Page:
Kawasaki KLR650 Project Bike: Part 7
Go-Go Juice for your KLR: Jardine's RT5 Slip-on
Get the Flash Player to see this player.By now you know we don’t do things the normal way around here. Most people start their project bikes with a pipe and some rubber before the cosmetic stuff gets bolted on. Of course we did it backwards.
Why mess with the OEM settings, right? They designed it to work best in stock form, some would say. But once you break something, upgrade. That’s my personal motto and this is our compromise.
"...we strapped on an aftermarket exhaust and took ‘er for a spin around the block."
Nothing was broken on our Project KLR, but after 10,000 miles on the motor we strapped on an aftermarket exhaust and took ‘er for a spin around the block.
New for the bike this month is Jardine’s RT5 aluminum slip-on performance exhaust system (Jardine #12-3001-524-02), designed to fit KLRs from 1984 to model year 2009 – all of ‘em basically.
With a history in road racing, Jardine applied its wares to the off-road market, offering amateurs and pro racers AMA noise-compliant 4-stroke exhaust systems that will not only pass decibel testing but also add power and torque. We felt these traits made a Jardine can a logical choice for a dual-purpose mount like the KLR.
"...it will look good even after a few scratches in the desert."
Featuring a hybrid mechanical/perforated core, stainless-steel mid-pipe and aluminum, stainless steel or carbon-fiber muffler assemblies with USFS green-type spark arrestors, the RT5 has an MSRP of $407 for the model you see here on our bike. We chose the brushed aluminum RT-5 so it will look good even after a few scratches in the desert.
Installation couldn’t be easier. Just remove the KLR’s side cover, the rear brake reservoir cover, the stock muffler clamp T-bolt, two more bolts holding the 12-pound stock exhaust pipe assembly to the subframe and you’re ready to slide in place a shiny new exhaust. For relatively low effort, you get a good increase in power.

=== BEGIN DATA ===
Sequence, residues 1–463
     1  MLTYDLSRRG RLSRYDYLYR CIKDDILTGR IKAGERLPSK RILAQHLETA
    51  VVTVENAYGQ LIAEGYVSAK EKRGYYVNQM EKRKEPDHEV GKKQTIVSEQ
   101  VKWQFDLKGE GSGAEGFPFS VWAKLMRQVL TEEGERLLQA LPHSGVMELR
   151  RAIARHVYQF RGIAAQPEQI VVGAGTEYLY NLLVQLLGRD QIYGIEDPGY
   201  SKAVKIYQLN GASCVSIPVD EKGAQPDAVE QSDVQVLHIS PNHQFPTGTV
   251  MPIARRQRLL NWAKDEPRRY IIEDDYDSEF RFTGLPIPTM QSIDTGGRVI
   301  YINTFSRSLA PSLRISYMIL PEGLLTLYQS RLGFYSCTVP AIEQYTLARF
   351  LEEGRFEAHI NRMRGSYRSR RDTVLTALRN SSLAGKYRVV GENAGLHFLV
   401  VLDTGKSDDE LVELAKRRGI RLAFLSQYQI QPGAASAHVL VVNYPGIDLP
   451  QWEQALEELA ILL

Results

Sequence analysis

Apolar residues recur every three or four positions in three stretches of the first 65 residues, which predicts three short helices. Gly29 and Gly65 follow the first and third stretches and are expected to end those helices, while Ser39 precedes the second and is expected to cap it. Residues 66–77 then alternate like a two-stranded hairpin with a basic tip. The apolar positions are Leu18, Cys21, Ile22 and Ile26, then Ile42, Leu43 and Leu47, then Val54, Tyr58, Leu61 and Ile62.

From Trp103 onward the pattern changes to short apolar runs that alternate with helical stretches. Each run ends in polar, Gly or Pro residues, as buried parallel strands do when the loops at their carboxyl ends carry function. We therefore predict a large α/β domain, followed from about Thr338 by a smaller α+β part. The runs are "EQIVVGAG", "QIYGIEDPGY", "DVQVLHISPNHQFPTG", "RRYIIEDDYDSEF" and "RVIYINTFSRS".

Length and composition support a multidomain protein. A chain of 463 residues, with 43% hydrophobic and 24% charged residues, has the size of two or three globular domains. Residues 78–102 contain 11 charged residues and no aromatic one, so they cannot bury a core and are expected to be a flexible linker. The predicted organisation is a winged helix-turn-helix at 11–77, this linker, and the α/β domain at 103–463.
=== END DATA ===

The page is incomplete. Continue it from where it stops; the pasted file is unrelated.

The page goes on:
Jardine designed the RT5 to work with the stock jetting, so it’s a plug and play option for any KLR owner. We installed ours right there on the dyno in about 15 minutes. Ten minutes later we had a dyno chart that’ll surely put a smile the faces of KLR owners.
At the first crack of the throttle, the throaty exhaust note had both HyperCycle’s Carry Andrew and me grinning ear to ear. Rock and roll in a box! You’ll feel like a supermoto racer with the new braaaaps emanating from behind you!
"Rock and roll in a box!"
In its stock form, the 651cc (100.0 x 83.0mm) mill pumps out 37 horsepower at 6200 rpm and just over 33 ft-lbs of torque at 5000 rpm, nearly identical to when tested with just 2200 miles on the odometer. Strapping on the Jardine pipe, you’ll find an increase across the board and throughout the entire rev range, ultimately adding 3 horsepower and 3.5 ft-lbs at their peaks.
With horsepower now peaking at 40.1 at the same rpm, only the peak torque of 36.9 ft-lbs. migrated, down 200 rpm to 4800. And on the street, the bike runs slightly cooler as well, as indicated by the dashboard temperature gauge. Check out a short video of the KLR on the dyno with and without the Jardine RT5.
Adding over 12% more HP and 9.5% more torque, now your KLR will have something to say -- even at 80 mph -- something like “move over, I’m coming through!”
The Single has always had the power to blaze through traffic, but now you can hear the girl sing while doing it!
Kawasaki KLR650 Project Bike: Part 1
Kawasaki KLR650 Project Bike: Part 2
Kawasaki KLR650 Project Bike: Part 3
Kawasaki KLR650 Project Bike: Part 4
Kawasaki KLR650 Project Bike: Part 5
Kawasaki KLR650 Project Bike: Part 6
Kawasaki KLR650 Project Bike: Part 8